Some of our information has moved to NT.GOV.AU
First Ever Weed Management Plan for Athel Pine
The Department of Environment and Natural Resources (DENR) today released the Weed Management Plan for Athel Pine, following extensive consultation with key stakeholders.
Weed Management Branch director Geri Lee said Athel Pine (Tamarix aphylla) is a Weed of National Significance (WoNS) that causes significant harm to the environment.
Ms Lee said the outcomes and options identified in this new plan represent a vital step forward towards Athel pine’s control and management in different parts of the Territory.
This harmful weed is a Class A/C weed* throughout most of the Territory, except that part south-east of Alice Springs along and near the Finke River where it is a Class B/C weed.
The Plan describes several management and eradication techniques that can be implemented by landholders responsible for combating and controlling Athel pine on their property.
“Athel pine is one of Australia’s worst weeds because of its invasiveness, potential for spread, economic and environmental impacts,” Ms Lee said.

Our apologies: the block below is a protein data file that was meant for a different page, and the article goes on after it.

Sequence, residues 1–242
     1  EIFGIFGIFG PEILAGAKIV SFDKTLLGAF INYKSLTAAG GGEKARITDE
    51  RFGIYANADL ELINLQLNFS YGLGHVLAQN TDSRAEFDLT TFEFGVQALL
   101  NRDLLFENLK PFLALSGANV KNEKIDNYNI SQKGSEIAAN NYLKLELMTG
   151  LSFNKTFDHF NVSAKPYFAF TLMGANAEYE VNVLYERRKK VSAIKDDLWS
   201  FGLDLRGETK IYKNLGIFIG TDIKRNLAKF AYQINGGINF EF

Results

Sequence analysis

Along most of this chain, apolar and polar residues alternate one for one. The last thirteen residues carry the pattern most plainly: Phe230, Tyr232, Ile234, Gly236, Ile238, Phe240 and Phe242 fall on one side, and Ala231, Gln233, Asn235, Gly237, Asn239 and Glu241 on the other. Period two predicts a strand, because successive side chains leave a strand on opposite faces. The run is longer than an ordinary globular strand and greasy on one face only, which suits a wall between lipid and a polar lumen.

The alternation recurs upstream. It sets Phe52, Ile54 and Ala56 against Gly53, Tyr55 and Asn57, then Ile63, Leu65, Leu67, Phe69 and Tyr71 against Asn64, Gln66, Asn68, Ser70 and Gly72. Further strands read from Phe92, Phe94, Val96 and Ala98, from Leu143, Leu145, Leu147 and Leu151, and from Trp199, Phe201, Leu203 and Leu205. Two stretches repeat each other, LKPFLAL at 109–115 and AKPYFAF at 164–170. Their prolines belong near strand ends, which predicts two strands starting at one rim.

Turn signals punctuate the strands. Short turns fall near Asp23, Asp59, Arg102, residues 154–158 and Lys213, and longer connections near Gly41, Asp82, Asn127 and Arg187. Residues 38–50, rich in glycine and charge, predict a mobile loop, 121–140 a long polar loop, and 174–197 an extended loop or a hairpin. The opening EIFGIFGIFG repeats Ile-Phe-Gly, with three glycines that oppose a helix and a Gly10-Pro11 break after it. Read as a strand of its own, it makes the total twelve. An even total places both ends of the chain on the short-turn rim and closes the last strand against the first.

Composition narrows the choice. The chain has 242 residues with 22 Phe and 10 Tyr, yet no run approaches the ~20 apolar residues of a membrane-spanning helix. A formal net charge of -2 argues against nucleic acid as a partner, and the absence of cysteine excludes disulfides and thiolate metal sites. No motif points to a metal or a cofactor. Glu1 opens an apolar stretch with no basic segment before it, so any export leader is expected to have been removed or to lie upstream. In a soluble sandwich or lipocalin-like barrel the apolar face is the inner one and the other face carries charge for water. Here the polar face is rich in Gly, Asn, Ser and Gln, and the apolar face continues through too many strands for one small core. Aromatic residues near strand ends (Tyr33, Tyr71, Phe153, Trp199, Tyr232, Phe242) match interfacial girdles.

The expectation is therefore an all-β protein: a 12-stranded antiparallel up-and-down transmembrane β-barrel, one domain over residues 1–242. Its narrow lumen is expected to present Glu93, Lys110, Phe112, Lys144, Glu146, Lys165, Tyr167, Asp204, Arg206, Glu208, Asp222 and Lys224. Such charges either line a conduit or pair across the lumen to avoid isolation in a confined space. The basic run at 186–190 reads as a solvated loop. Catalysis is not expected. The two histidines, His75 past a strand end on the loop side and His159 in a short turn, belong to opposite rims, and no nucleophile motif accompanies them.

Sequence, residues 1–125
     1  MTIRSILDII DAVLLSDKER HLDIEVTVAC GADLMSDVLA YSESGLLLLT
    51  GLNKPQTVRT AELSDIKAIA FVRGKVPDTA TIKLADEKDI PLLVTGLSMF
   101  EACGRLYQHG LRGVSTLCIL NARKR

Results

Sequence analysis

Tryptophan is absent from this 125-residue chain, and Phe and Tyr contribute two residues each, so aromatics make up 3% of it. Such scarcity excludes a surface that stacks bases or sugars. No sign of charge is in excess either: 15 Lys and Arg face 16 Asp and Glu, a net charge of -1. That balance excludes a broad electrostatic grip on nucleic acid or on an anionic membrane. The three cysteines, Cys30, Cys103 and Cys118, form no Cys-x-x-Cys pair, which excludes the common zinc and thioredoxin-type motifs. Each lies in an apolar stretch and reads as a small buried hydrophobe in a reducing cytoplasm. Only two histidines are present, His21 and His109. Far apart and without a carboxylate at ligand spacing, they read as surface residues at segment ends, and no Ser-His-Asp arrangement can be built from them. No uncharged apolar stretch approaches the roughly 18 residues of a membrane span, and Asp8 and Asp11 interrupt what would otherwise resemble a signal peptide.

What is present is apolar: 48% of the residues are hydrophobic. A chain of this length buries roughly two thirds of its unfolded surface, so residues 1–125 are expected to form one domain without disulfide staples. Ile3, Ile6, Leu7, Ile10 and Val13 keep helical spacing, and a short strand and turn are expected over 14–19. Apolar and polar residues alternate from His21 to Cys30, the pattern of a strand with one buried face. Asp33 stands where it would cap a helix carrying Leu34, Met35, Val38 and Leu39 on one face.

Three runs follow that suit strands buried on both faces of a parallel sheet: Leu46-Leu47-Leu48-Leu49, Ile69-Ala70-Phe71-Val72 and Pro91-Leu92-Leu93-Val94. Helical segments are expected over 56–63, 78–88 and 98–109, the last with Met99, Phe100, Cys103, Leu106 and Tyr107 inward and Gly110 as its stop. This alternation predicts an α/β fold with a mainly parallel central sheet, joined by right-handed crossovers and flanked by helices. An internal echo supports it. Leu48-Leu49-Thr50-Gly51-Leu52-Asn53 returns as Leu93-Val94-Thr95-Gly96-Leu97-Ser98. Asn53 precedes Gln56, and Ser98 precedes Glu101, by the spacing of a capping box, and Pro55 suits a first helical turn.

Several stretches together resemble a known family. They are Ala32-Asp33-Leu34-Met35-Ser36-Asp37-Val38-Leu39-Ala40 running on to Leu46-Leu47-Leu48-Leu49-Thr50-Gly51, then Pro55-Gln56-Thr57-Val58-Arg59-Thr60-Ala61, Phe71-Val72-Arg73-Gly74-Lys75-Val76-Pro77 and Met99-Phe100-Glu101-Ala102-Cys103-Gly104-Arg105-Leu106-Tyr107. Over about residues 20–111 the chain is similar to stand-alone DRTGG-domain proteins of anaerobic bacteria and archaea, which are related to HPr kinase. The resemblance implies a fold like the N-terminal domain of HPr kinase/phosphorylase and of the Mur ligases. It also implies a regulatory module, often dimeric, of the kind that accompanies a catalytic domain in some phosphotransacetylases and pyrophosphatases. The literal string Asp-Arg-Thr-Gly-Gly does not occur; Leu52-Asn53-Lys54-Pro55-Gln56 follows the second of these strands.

“It was introduced to Australia in the 1930s as a drought tolerant shade tree, growing up to 15m tall, expanding across much of Australia in the 1970s following significant rain events.
“The development of the Plan was initiated via a request from the Alice Springs Regional Weed Reference Group who represent a cross section of the community who discuss and determine outcomes for weed issues in the Alice Springs region.
“I’d like to thank the many stakeholders, particularly pastoralists, who have helped us develop an approach that recognises and builds on historical work in the Finke and looks to avoid similar infestations in other inland waterways.
“It’s important that we take a more proactive approach to control and management of outlying plantings where they pose risk and that’s why DENR has committed to implementing a permit system that will allow some historic and culturally significant trees to remain until the risk can be assessed in detail.”
Last updated: 22 March 2017